The Problem With Children in Need
It is easy to get cynical about Children in Need, the annual event where the nation’s right hands go on national television to declare to their left hands exactly what they have been doing. However, it would be wrong to be too cynical, generosity is a good thing and the amounts that are raised to support various causes are staggering. That being said, there are legitimate questions that can be raised about the whole process and I’d like to focus in on one of them.
Having worked in the charity sector (albeit, in a very specialised area), I am aware of how difficult it is for charities to get their voice heard and to make a case for their need for support. This is particularly difficult when a behemoth like Children in Need dominates the airwaves for weeks at a time. The thing is, there are lots of great organisations out there doing good stuff, from local organisations supporting vulnerable adults to national groups such as the Lifeboats. All of these organisations are worthy of support, but none of them has access to the massive publicity resources of Children in Need.
I want to encourage people to give to charity, but I think that giving should be done in a thought-through, committed manner. People should give because they believe in a cause, not because a well-groomed TV presenter has sung karaoke for 24 hours (well done Rylan!).
Now I am aware, that Children in Need does raise lots of money that probably wouldn’t otherwise go to charities and I don’t want to knock it too much. However, it is indisputable that, in some ways, it completely distorts the charity market.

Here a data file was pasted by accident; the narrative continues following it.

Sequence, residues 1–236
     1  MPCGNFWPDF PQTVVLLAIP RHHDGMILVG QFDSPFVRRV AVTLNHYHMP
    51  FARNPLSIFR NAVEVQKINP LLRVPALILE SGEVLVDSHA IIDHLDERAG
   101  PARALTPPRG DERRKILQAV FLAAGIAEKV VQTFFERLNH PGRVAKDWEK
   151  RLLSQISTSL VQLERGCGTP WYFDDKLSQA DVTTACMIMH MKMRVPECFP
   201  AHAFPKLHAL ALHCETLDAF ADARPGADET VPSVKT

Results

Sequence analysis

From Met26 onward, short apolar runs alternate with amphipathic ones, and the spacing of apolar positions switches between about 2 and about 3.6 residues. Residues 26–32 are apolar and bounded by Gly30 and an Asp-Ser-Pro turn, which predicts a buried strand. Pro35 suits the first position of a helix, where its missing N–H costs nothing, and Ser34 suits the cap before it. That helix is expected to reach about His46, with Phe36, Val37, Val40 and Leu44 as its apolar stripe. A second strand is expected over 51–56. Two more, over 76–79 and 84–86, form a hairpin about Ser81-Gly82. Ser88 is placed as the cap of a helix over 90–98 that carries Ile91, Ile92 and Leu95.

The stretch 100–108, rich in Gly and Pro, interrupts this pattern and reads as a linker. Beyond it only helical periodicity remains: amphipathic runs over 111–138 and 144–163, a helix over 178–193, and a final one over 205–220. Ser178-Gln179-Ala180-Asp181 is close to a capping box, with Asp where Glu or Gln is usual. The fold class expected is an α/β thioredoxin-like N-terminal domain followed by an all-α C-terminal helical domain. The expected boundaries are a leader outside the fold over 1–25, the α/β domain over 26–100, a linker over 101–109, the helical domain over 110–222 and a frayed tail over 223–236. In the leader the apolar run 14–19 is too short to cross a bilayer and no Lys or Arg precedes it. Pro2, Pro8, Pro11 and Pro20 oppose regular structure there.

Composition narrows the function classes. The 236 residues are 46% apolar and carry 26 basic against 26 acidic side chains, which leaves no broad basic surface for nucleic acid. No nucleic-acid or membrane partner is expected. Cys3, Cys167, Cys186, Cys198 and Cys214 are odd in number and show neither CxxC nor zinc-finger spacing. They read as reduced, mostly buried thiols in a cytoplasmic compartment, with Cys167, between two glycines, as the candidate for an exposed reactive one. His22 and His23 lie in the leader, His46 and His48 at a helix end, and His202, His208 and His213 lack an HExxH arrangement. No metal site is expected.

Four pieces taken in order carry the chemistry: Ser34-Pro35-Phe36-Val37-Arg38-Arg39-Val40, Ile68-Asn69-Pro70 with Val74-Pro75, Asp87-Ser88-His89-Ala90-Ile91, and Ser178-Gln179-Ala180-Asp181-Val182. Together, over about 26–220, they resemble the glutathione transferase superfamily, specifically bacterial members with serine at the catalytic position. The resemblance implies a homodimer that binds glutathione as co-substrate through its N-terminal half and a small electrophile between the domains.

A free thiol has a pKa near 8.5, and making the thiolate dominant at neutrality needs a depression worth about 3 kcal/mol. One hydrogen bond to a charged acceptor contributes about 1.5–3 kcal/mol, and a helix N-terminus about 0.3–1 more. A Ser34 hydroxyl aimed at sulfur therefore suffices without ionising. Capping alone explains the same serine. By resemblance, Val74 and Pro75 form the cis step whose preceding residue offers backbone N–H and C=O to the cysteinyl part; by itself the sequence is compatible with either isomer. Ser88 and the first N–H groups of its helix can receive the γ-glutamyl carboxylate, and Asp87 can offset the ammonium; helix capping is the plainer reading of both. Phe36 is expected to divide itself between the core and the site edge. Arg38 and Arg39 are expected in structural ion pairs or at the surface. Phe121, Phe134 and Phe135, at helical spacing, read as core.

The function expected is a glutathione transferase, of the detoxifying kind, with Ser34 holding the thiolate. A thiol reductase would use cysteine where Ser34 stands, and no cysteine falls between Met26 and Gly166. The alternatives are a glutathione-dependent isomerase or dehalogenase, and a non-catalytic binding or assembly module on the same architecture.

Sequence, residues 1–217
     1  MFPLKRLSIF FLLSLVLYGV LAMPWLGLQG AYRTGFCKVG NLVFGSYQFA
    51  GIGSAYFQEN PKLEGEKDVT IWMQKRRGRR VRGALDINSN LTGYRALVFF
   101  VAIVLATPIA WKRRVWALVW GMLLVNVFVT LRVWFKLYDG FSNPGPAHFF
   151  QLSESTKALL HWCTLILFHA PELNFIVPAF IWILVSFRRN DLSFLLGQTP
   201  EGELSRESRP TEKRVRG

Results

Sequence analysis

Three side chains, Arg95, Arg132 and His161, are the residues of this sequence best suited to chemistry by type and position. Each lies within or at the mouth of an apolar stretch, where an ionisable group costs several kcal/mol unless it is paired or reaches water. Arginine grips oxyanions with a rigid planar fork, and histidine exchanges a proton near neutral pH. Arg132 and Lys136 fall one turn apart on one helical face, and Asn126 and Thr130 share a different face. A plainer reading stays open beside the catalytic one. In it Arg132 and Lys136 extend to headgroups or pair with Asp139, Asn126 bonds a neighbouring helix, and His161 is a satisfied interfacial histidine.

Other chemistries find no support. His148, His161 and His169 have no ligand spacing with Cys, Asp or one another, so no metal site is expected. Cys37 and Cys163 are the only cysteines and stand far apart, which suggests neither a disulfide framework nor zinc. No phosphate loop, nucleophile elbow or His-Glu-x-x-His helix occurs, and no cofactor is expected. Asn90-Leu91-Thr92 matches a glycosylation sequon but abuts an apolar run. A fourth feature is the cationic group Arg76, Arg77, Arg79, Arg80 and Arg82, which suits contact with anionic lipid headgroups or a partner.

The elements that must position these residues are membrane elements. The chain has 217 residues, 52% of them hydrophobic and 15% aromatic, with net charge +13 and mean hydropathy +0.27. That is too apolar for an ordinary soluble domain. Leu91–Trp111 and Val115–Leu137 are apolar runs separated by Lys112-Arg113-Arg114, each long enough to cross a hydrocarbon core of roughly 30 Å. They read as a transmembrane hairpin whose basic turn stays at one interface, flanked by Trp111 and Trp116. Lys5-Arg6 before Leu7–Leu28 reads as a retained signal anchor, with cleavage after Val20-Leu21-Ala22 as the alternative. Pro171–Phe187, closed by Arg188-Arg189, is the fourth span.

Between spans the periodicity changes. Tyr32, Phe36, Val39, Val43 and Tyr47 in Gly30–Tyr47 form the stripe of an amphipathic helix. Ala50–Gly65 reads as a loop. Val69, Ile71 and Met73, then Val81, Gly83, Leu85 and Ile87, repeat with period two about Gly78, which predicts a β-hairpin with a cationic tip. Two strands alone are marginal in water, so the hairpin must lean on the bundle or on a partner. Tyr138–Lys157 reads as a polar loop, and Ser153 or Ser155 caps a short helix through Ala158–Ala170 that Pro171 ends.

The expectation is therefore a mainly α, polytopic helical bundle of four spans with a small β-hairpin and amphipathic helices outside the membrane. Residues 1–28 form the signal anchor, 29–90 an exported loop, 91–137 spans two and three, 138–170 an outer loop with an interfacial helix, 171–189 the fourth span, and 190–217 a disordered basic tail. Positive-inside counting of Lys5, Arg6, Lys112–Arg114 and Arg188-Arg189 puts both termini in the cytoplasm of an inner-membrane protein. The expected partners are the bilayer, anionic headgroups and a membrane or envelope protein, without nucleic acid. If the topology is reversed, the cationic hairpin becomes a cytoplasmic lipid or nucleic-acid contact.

What has that got to do with Christian mission?
Well, at the risk of upsetting some people, I think that we see something very similar in the mission world. There are a small number of organisations with massive advertising budgets which dominate the Christian scene. These are the ones whose flyers drop on the floor when you open your latest Christian magazine, who sponsor the urinals at Christian conferences (I kid thee not) and who fly Christian celebrities around the world to film dramatic videos in the same way that Children in Need do. These organisations spend huge amounts of money on publicity and as a result, receive lots of donations, which allows them to spend huge amounts of money…
Now, I’m not criticising these large charities, they are doing what charities do. That’s the way the system works (whether it should work that way, is a question for another day). My concern is rather that a narrative has been created where it seems normal that individuals and churches should commit to giving to these organisations, in the same way that Children in Need dominates the scene in the broader charity sector. I don’t think that Churches should feel obliged to support a particular charity just because everyone else does, or because the charity has its own “Sunday”.
Rather than defaulting to supporting the big names, churches should think through their mission and giving strategy from the ground up; prayerfully asking what it is that God wants them to be involved in and then seeking out organisations that can help them work in those areas. If that’s one of the bigger charities, great and if its one of the smaller ones, that’s fine too. One thing that should not be a factor in defining a church’s mission strategy is which mission agencies spend the most money on publicity.One thing that should not be a factor in defining a church's mission strategy is which mission agencies spend the most money on publicity. Click To Tweet
If you’d like further thoughts on what should shape a church mission strategy, you can find them here.
Once again, in closing, I want to insist that I’m not criticising other charities, including Children in Need, but I am appealing for people to think through how they give, rather than defaulting to one or two very public options.